Council limits certain uses to Two Trees’ site block. On May 20, 2009, the City Council approved Two Trees Management Company’s plan to build a 1.3 million sq.ft., S-shaped tower at 770 Eleventh Avenue in the Clinton/Hell’s Kitchen neighborhood of Manhattan. The Enrique Norten-designed tower would rise in steps from approximately seven stories at Eleventh Avenue and West 54th Street to 32 stories at the project’s eastern edge. 6 CityLand 25 (March 15, 2009). Along with 900 residential units, including approximately 180 permanently affordable units, the tower would contain a 350,000 sq.ft. Mercedes Benz dealership, a 36,000 sq.ft. facility for the NYPD Mounted Unit, a 20,000 sq.ft. health club, accessory monthly parking for 175 cars, and parking space for 600–700 bicycles.
Before Council heard the matter, the City Planning Commission modified the proposal. As part of its original application, Two Trees proposed a zoning text amendment that provided an as-of-right FAR of 7.0, bonusable up to an FAR of 9.0 through inclusionary housing regulations. The Commission amended the text to allow an as-of-right FAR of 6.75 that would be bonusable to 8.55, provided that the development contained at least 1.0 FAR of commercial floor area. The change made the text consistent with standard inclusionary housing bonus regulations, which allow for 1.25 square feet of bonus floor area for every square foot of affordable housing provided.
At Council’s April 20th public hearing before its Subcommittee on Zoning & Franchises, Jed Walentas, a principal of Two Trees, explained that his company had worked closely with elected officials and Manhattan Community Board 4 to devise a plan that all parties could agree on. He stated that Two Trees was close to a deal with the NYPD regarding the relocation of the Mounted Unit, and that in the event the deal fell through, the space would be reserved for a community-endorsed user. Walentas also testified that the development would be LEED-certified, as requested by the community, and that Two Trees would contribute $50,000 annually toward the maintenance of Clinton Park. As for the 5,500 sq.ft. on West 54th Street originally allocated for a market, Walentas noted that Two Trees had agreed to provide this space, at $10 a square foot, for a use acceptable to the community.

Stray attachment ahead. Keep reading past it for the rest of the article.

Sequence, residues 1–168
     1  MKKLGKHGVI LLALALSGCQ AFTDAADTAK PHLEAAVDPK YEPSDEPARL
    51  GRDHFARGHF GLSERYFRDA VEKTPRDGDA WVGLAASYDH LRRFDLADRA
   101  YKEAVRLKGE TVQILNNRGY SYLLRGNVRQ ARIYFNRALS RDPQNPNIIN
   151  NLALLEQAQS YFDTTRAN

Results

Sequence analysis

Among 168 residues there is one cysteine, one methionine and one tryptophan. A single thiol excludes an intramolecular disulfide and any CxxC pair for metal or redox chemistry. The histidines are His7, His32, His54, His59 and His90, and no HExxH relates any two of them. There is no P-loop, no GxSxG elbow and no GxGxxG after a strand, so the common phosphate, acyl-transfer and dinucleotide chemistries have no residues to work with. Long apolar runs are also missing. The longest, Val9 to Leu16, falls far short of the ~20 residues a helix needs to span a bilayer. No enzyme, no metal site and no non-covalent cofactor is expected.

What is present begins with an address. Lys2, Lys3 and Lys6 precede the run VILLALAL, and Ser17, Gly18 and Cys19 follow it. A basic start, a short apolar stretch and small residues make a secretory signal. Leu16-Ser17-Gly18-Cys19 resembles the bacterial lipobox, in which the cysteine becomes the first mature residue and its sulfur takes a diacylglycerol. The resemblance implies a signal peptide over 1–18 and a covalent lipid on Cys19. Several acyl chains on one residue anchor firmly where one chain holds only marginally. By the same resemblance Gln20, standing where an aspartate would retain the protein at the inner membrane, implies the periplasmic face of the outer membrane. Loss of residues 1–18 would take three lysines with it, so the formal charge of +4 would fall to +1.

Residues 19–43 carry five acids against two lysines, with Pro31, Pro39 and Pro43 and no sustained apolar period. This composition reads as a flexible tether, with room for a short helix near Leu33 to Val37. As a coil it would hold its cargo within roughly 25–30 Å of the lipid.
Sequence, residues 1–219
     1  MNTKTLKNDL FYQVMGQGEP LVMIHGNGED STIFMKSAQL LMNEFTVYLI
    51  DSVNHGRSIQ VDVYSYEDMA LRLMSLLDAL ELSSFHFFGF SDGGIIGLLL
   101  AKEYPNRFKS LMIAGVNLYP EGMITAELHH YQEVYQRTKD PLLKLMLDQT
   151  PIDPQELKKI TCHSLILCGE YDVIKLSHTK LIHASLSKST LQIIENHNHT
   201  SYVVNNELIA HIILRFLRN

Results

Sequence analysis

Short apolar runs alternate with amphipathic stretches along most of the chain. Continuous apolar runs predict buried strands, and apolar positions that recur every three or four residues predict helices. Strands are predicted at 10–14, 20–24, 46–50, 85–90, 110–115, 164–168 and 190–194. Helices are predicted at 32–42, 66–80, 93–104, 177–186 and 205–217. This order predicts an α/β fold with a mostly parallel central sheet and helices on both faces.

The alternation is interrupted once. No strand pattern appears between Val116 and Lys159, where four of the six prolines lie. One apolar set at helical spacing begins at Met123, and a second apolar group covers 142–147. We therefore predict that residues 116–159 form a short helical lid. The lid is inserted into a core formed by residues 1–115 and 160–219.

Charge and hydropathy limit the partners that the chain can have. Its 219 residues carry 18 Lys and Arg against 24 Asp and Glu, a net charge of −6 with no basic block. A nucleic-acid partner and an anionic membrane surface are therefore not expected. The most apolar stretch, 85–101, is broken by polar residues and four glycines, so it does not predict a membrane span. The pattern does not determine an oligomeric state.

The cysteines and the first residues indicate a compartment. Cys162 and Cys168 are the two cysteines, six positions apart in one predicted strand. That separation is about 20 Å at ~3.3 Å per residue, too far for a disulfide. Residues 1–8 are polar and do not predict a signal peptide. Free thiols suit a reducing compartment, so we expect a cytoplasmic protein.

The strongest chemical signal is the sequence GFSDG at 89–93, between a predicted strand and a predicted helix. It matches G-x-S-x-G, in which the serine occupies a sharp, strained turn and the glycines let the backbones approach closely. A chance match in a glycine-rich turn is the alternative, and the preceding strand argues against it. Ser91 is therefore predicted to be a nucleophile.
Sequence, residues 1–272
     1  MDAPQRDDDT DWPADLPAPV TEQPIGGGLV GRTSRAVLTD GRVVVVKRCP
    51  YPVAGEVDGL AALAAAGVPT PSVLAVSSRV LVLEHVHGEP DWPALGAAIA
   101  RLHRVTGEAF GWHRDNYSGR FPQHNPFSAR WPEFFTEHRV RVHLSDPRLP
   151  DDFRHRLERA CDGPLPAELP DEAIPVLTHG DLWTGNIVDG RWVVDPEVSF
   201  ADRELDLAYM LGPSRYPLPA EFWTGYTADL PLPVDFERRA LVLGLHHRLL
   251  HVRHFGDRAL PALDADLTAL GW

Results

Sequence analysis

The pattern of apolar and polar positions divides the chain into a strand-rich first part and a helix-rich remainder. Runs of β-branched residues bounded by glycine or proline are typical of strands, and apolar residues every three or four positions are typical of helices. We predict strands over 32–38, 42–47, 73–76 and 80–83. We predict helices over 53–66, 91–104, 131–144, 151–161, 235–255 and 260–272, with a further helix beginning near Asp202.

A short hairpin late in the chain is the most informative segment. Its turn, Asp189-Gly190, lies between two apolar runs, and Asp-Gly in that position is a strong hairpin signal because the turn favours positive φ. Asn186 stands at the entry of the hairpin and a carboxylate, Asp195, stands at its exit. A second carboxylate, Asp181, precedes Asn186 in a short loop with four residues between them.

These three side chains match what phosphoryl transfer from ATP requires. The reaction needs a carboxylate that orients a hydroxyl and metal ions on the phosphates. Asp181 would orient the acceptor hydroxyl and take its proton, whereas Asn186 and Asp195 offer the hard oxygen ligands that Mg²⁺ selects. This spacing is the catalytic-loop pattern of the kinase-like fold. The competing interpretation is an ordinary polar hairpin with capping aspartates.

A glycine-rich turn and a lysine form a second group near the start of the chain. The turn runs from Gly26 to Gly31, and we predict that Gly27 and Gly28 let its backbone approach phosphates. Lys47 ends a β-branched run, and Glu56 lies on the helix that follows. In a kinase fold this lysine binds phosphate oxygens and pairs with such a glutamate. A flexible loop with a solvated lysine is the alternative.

Anna Levin, representing CB 4, stated that it had not received a complete package of commitments from Two Trees that addressed all 15 conditions in CB 4’s recommendation. Levin expressed dismay that Two Trees’ concessions applied only to the development as proposed; CB 4 wanted the concessions to remain intact, regardless of what Two Trees ultimately built. Levin explained that Two Trees had sought a zoning change that was, in its opinion, substantially larger than what was appropriate. Without concessions like affordable housing or space for NYPD stables, CB 4 would not have given its conditional approval, nor would it approve any similar development without the agreed upon concessions. Levin also expressed concern that the text amendment would apply throughout the urban renewal area. The text, as reviewed by CB 4 prior to Council’s meeting, would allow automobile showrooms with repair and delivery preparation ability beyond the development’s block.
At the request of Speaker Christine C. Quinn, Avella laid the vote over for further deliberation on those two issues. When the Subcommittee reconvened on April 30th, it recommended an amendment to limit repair and delivery preparation uses to the development’s block. All Subcommittee members recommended approval of the modified plan. The Land Use Committee and the full Council followed suit.
Council: The Clinton Park (C 080008 ZMM – rezoning); (N 080009 ZRM – text amend.); (C 080010 ZSM – spec. perm.); (C 080011 ZSM – spec. perm.) (May 20, 2009).